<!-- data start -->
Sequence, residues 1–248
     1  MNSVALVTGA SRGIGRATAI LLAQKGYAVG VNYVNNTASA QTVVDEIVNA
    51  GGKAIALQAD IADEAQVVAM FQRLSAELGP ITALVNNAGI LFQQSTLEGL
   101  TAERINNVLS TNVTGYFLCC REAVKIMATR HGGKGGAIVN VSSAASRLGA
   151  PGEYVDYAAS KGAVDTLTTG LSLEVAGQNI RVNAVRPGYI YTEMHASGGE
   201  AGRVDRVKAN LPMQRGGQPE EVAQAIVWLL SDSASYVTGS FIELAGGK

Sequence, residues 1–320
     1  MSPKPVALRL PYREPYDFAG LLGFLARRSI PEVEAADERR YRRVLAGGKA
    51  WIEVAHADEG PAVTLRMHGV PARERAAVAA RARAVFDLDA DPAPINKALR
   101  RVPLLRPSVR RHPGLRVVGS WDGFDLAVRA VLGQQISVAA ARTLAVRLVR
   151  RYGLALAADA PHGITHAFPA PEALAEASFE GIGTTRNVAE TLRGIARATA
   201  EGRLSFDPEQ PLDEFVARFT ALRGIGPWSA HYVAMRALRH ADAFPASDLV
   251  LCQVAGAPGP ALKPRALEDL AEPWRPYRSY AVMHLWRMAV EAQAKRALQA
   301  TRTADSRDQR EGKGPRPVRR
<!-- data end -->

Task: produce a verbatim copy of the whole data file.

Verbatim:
Sequence, residues 1–248
     1  MNSVALVTGA SRGIGRATAI LLAQKGYAVG VNYVNNTASA QTVVDEIVNA
    51  GGKAIALQAD IADEAQVVAM FQRLSAELGP ITALVNNAGI LFQQSTLEGL
   101  TAERINNVLS TNVTGYFLCC REAVKIMATR HGGKGGAIVN VSSAASRLGA
   151  PGEYVDYAAS KGAVDTLTTG LSLEVAGQNI RVNAVRPGYI YTEMHASGGE
   201  AGRVDRVKAN LPMQRGGQPE EVAQAIVWLL SDSASYVTGS FIELAGGK

Sequence, residues 1–320
     1  MSPKPVALRL PYREPYDFAG LLGFLARRSI PEVEAADERR YRRVLAGGKA
    51  WIEVAHADEG PAVTLRMHGV PARERAAVAA RARAVFDLDA DPAPINKALR
   101  RVPLLRPSVR RHPGLRVVGS WDGFDLAVRA VLGQQISVAA ARTLAVRLVR
   151  RYGLALAADA PHGITHAFPA PEALAEASFE GIGTTRNVAE TLRGIARATA
   201  EGRLSFDPEQ PLDEFVARFT ALRGIGPWSA HYVAMRALRH ADAFPASDLV
   251  LCQVAGAPGP ALKPRALEDL AEPWRPYRSY AVMHLWRMAV EAQAKRALQA
   301  TRTADSRDQR EGKGPRPVRR